Parenting tough love leads to character development

There may not be a more enjoyable and more frustrating relationship than the one we have with our children.

There may not be a more enjoyable and more frustrating relationship than the one we have with our children. We have a blended family in our home with three children ages 16, 14 and 9. There are all kinds of developmental issues going on between 9-16. No one day is ever boring.

Our daughter, who is 14 and a freshman, is running track this year. For the full backstory on this, she wanted to do a sport as a freshman so she wouldn’t have to take physical education. She chose to run cross country in the fall. OK, I told her, you can run cross country, but keep in mind it will be easier to go through fitness walking every other day in school than it will be to run cross country. Cross country runners buy T-shirts that read, “My sport is your sport’s punishment.”

I practically begged her not to run cross country. Never mind that her uncle, my wife’s brother, is the cross country coach. My daughter insisted this is what she wanted to do.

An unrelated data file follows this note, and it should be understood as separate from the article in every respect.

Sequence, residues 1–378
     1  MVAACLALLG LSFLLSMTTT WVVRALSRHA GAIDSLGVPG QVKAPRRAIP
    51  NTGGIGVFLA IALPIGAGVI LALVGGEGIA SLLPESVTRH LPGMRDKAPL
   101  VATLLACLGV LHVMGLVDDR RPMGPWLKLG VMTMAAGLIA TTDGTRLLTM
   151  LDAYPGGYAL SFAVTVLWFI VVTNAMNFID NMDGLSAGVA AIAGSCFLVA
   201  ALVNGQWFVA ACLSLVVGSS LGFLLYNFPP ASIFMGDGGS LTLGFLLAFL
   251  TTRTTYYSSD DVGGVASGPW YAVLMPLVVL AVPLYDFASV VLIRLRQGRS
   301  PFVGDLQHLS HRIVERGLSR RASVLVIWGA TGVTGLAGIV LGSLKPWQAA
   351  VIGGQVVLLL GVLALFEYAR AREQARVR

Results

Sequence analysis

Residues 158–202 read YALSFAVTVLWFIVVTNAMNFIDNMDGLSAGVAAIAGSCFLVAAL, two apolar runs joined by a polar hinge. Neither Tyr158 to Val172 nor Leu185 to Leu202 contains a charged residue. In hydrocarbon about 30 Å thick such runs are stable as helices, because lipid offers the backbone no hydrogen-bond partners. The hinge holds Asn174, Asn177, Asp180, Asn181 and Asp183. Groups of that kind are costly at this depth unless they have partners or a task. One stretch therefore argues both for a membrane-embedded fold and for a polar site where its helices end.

She didn’t follow the summer running schedule the coaches sent home. You can see how this has disaster written all over it, right?

The first practice comes in the summer shortly before the school year started. She wanted to quit the team after one day.


Something happened that day between my daughter and me that I’m sure she hopes never happens again. There was no way she was quitting. That was made clear to her before she left the house for her first practice. The only way she could quit cross country is if she returned to practice the next day and looked every girl on that team in the eye and said, “I’m quitting and I’m letting you down and I’m sorry.” And in order to join any sport or organization for the next four years of high school, she first would have to tell that group not to count on her because she has a history of quitting. She also had to repay me the pay-to-play fee. Tough love? Yes.

To make a long story short, she stayed with cross country. She improved every week. Now she is running track. The other day when I picked her up from practice, she said she ran five miles. She mentioned this like it was no big deal, just a Tuesday routine at practice. In less than a school year, she has come so far, and I could not be prouder of her.

These are the little victories in life, I believe, that have a lasting impression on forming our children into the people they become. I wonder what message would have been sent if she had been allowed to quit practice after one day, as opposed to the lesson she learned about overcoming tough obstacles and making yourself better.